It’s that spring cleaning moment, when you open the wardrobe and your past fashion lives flash by | Emma Brockes

I’m spring cleaning and last week filled eight huge boxes with clothes during a once-in-a-decade pass through my wardrobe. We put these things off for a reason: the time it takes, and more than that, what we have learned to call the emotional labour. Going through old stuff, whatever the particulars, threatens to drag us back through the years, but the wardrobe thing is particularly stark. Here, before me, is evidence that entire chunks of my life were lost to the delusion that the Banana Republic shirt dress was a thing I should wear.

Contrary to previous attempts, this time I vowed things would be different. I was in charge. I was going to be ruthless. I wasn’t going to be bossed around by this stuff and its freight of memory. No hanging on to clothes so I could stare at them to spark images, when my memories could just as easily be preserved by taking a photo.

And at first, that’s how it went. Hangers flew. It was like shedding skins, going through the iterations of the people I thought I once was. A bunch of boxy, Elizabeth Warren-style jackets, one in fuchsia: what on earth was I thinking? (I know what I was thinking: serious but fun!) Two wrap dresses from a Madison Avenue store called J McLaughlin, in prints with names like “gelato”. That was an unfortunate phase. I remember a woman I was trying to impress at a party saying: “You look like a Republican wife” – rough, but not untrue. A lot of terrible knitwear. One – a knee-length cardigan with chunky brass buttons – hangs inside a sheath from the dry cleaner with a receipt still attached: 2015. Hanger after hanger of shirts from the era in which I wore white jeans accessorised with gold and that can be summed up in two, unhappy words: Tory Burch. Out! (Actually, one of the shirts is quite nice; keep! It’s important not to become trigger-happy.)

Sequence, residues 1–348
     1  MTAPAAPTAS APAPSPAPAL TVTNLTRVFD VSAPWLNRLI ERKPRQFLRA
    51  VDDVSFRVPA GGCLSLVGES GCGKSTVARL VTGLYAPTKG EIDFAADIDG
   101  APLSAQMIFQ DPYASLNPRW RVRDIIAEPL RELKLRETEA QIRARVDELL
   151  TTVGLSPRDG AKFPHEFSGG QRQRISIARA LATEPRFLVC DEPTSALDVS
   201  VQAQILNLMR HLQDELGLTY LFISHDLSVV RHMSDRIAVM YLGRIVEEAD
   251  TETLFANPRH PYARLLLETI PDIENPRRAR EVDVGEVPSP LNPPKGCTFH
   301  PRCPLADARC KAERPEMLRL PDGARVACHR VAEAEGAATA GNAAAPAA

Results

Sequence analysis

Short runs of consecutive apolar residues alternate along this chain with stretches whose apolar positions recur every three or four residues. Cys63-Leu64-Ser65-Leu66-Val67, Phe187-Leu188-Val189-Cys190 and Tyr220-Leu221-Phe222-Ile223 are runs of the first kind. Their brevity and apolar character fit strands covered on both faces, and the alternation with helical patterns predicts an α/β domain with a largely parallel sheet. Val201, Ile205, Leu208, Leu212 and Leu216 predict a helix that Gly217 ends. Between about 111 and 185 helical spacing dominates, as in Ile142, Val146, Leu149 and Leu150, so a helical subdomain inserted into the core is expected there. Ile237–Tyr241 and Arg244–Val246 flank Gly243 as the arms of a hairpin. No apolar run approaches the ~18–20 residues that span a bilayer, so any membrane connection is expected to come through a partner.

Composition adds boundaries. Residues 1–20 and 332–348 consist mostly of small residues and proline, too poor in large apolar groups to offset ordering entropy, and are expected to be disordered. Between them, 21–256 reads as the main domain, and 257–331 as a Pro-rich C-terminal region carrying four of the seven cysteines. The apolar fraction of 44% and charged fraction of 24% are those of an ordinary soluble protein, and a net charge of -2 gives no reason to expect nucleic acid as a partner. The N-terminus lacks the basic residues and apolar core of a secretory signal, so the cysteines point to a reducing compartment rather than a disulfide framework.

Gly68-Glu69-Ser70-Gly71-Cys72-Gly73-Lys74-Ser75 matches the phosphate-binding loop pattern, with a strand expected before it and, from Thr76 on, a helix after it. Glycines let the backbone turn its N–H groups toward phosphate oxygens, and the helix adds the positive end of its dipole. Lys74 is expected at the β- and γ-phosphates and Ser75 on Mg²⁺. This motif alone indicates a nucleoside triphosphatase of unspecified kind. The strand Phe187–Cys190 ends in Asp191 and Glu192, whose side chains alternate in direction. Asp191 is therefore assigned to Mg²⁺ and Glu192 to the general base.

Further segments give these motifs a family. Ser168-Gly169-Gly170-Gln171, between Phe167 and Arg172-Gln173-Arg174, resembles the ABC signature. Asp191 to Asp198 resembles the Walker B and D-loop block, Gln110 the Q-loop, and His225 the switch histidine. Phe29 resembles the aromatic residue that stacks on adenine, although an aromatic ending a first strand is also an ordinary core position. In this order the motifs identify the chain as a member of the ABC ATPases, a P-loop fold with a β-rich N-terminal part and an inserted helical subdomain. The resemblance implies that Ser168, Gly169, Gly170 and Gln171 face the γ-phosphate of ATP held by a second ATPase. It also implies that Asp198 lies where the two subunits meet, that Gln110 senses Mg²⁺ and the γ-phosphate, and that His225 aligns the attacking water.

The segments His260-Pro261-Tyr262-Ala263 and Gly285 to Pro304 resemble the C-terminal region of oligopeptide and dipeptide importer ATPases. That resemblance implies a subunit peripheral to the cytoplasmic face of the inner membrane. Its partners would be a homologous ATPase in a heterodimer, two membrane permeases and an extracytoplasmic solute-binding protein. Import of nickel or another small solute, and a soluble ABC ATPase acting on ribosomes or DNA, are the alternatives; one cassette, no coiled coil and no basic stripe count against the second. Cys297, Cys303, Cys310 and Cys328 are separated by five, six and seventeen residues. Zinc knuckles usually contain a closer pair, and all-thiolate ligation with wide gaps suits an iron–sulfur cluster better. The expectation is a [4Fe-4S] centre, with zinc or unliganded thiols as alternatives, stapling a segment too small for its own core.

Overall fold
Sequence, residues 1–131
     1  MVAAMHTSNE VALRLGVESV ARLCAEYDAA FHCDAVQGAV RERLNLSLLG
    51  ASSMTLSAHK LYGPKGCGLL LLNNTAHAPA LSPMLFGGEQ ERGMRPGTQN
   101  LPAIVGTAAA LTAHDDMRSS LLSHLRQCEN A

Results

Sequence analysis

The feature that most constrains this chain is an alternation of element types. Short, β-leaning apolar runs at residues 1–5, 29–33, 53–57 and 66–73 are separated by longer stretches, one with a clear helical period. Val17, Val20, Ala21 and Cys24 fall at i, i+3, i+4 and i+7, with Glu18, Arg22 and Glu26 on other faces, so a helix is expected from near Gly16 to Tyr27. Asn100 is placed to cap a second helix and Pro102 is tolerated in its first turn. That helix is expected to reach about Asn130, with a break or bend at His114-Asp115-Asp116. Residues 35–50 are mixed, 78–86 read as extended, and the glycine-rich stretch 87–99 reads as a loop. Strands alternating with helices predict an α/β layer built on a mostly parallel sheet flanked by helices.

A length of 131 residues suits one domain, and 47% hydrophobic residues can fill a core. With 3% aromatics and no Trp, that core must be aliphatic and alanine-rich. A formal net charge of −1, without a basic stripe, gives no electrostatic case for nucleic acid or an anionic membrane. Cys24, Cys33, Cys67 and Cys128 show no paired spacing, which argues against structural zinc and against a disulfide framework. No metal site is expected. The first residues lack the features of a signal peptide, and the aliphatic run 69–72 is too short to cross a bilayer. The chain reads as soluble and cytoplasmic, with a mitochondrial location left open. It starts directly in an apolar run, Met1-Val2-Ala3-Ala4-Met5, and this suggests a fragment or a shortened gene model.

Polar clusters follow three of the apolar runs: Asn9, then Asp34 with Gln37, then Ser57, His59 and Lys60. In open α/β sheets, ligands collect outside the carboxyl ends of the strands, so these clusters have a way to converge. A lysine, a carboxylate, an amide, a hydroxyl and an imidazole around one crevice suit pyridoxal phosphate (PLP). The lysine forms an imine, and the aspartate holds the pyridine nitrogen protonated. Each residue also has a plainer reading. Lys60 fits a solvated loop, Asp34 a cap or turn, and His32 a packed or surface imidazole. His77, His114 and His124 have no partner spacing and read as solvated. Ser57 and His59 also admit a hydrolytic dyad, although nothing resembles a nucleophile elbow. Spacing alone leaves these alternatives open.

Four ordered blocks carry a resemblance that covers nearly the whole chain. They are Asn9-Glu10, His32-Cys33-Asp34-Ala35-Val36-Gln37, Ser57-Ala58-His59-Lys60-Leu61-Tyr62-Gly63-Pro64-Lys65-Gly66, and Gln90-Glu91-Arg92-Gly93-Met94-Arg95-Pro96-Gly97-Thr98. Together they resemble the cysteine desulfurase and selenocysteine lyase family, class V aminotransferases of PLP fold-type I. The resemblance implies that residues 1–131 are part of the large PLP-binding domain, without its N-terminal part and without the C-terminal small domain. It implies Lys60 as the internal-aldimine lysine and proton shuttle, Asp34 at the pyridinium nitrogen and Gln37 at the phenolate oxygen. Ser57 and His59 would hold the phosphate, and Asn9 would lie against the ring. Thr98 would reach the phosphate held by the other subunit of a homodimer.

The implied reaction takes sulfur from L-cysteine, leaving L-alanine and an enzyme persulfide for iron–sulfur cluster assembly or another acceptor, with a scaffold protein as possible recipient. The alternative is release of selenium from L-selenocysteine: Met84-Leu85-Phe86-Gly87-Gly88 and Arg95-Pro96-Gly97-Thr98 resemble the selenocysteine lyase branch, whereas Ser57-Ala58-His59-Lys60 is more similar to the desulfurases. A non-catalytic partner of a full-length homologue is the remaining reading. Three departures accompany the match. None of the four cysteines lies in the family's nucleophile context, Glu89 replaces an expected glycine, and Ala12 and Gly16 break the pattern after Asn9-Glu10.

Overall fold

The further back I go, however, the harder it gets. There is a sense of triumph that comes from confronting versions of yourself from the recent past. It delivers an impression of growth and the illusion of progress. You can feel tender towards the 33-year-old you once were, trying to figure out if you can carry off a mohair vest (no), a leopard print jacket (no), a 1940s blazer cropped above the waist (no) or an ankle-length sweater dress (also no). But then, around the two-and-a-half-decade mark, things start to get tricky.

A blue and white dress my mum bought for me from a charity shop when I was 18 would barely fit over one biceps these days. It’s made of a cheap cheesecloth so worn in places I can see through it. “I’ll keep it for you,” my mother would say whenever she considered throwing anything out from her own wardrobe, no matter how distressed or unsuitable. I hold up the 30-year-old dress and can’t staunch an automated, sentimental response: in 10 years’ time, one of my nine-year-olds could wear this.

Even harder: a ratty old towelling dress of my mother’s that – sheer happenstance, given the amount of stuff that went into the tip after her death – I have perversely hung on to. She would be amused and appalled that, over the past 20 years, I have paid not only to store this thing but to ship it across the Atlantic. I give it a good sniff to see if it carries anything of my old house, but it just smells of dust. Come on, I can do this. Feeling heroic, I put it into the box, on top of a bunch of awful shirts from Anne Klein that were given to me by someone who must have hated my guts.